By Kyoto Women's University, Lifestyle Design Laboratory
Kyoto Women's University, Lifestyle Design Laboratory
The history of Funaki
Kiln in Fujina
The history of the Funaki family is also the history of Fujina Ware, boasting about 300 years. Around mid-Edo period Funaki Yojibei Muramasa relocated to Fujina, where his three children each independently established their own potteries. This was the beginning of Fujina Ware. The Funaki Kiln today was a branch from one of the three potteries and opened in 1845. Beginning with Funaki Heibei as the first generation, followed by second-generation Asatarō, third-generation Asatarō Unbei, and onto fourth-generation Michitada in the Taishō period. During the Edo period sea shipment was the main method of distributing commodities. The Lake Shinji cove where Funaki Kiln is located was a port from which pottery and ceramic wares made at Funaki Kiln were transported to the rest of Japan.
history of Funaki Kiln
By the time of the third generation, the kiln was mainly producing wares for export to the west. There were many small huts at the pottery and a large number of workers working under labour division, with as many as over 200 workers were employed at times. During the Edo period private kilns like Funaki Kiln made various products for general usage. Japan’s participation in the world expositions during the Meiji period became the catalyst for exportation toward the west. With its central role in the region, Funaki Kiln would continue to develop, reaching its peak during the Taishō period.
The era of exportation
Funaki Kiln produced wares for exportation as cheaper versions of renowned French Limoges porcelain between the Meiji and Taishō period. These products were oriented for the US and Germany; their dark green and cinnabar colours perfectly match the Limoges shape and are still beautiful to behold today. It is sad that this was the result of mutual influence with the products of Rookwood pottery in Cincinnati at the time.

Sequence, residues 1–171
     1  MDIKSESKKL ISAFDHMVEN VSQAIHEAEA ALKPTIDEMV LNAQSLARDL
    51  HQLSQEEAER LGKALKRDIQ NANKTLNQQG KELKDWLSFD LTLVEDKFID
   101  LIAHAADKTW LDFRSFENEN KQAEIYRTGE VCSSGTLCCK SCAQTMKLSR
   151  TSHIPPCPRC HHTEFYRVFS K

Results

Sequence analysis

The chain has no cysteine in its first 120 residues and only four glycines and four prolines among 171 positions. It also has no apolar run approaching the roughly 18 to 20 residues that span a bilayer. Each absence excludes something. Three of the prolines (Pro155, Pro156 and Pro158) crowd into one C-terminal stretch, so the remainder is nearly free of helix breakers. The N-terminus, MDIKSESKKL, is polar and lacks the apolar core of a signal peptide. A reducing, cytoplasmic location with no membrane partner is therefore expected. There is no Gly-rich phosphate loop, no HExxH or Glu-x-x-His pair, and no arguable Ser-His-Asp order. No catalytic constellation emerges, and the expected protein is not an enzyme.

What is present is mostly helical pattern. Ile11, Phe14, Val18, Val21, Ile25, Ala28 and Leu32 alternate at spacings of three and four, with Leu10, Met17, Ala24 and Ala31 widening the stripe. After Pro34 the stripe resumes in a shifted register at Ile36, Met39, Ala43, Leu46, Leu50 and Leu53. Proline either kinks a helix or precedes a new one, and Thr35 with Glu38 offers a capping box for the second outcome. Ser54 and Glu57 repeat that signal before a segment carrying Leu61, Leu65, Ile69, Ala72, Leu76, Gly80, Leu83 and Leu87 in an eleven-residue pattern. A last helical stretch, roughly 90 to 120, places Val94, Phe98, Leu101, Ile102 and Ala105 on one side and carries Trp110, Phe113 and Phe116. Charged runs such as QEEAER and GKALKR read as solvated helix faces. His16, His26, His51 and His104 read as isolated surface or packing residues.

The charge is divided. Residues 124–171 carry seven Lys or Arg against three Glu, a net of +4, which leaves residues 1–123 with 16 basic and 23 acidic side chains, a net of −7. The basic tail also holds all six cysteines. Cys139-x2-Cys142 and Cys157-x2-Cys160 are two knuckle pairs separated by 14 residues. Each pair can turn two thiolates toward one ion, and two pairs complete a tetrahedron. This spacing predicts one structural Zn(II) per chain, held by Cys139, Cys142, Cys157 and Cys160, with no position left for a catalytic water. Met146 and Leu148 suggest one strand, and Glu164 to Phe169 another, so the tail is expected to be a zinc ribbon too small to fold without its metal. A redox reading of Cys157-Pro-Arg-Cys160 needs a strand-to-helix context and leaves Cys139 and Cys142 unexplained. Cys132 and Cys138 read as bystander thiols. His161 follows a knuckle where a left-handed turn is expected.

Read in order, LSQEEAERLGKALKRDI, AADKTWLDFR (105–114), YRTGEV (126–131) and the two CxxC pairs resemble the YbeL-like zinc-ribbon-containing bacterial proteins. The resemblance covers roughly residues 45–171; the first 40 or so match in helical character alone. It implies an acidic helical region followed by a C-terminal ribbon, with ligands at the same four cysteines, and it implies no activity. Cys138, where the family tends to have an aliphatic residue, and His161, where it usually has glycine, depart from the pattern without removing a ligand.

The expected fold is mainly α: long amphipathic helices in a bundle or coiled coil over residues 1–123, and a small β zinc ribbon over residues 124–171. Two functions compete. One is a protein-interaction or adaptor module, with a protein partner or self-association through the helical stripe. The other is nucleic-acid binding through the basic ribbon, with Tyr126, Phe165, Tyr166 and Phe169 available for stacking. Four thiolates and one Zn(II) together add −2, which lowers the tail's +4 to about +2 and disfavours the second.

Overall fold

with the Mingei movement
Michitada (fourth generation) was born in 1900. He studied western painting at an art school in Tokyo in his youth, and when he took over his family business he began wondering what to do with it. It was around that time that he met Ōhara Magosaburō of Kurashiki Museum of Folkcraft, and became acquainted with Hamada Shōji, Bernard Leach and Yanagi Muneyoshi (Sōetsu) known for their involvement in the Mingei (folkcraft) movement. By the time of Kenji (fifth generation), the Mingei movement had become popular nationwide. Although Funaki Kiln is sometimes considered as part of the Mingei movement, Kenji’s connection with the Mingei movement was personal. He may have been influenced by the movement, but Funaki Kiln on the whole was not involved in promoting the movement.
by Funaki Michitada
Funaki Michitada used kimachi’ishi (stone quarried in Kimachi) and achieved his characteristic Fujina yellow glaze, earning him the title of the Holder of Intangible Cultureal Property of Shimane Prefecture in 1962. The voluminous form of his works and the way the shoulders stretch out remind one of the art décor era, while his characteristic use of colours such as green prevents his works from looking too simple.
Works by Funaki Kenji
The large dish in vibrant olive green is made with a modern and simple design typical of Funaki Kenji, the fifth generation. He studied under Hamada Shōji, before going on to win the Japanese Folk Crafts Museum Award in 1950. In 1967 he went to England to further study pottery at the potteries of Bernard and David Leach, fully acquiring the techniques for making slipware. He is known for large dishes, pitchers with handles, and so forth.
cup by Funaki Shinji
Funaki Shinji’s works are characteristic in that they are unique designs based on the tradition of Funaki Kiln. Using materials found in Shimane prefecture, he creates a variety of works like light-yellow vessels or slipware by applying a variety of techniques (such as using a syringe to squeeze out engobe, painting patterns, and so forth).
bowl by Funaki Shinji
This large bowl is striking with its silver-colour glaze and dark indigo polka-dot pattern. To obtain the silver colour, the bowl was fired 3 times after biscuit firing.
Ever-changing Funaki Kiln, Fujinayaki (2017) by Funaki Kiln and Photo: Mori YoshiyukiKyoto Women's University, Lifestyle Design Laboratory
Kiln in Fujina has always created wares keeping with the times over its
300-year history, resulting in the variety of works produced
by the kiln.
Funaki Shinji tells us that, “I am not thinking about my successor. I don’t want to work thinking about what happens after I retire, neither do I work thinking about the past. I work by thinking that it’s now or never.”
The Viewing Room
Funaki Kiln with a scenic view of Lake Shinji can be visited by pre-booking. Past works are on display and sold at the Viewing Room.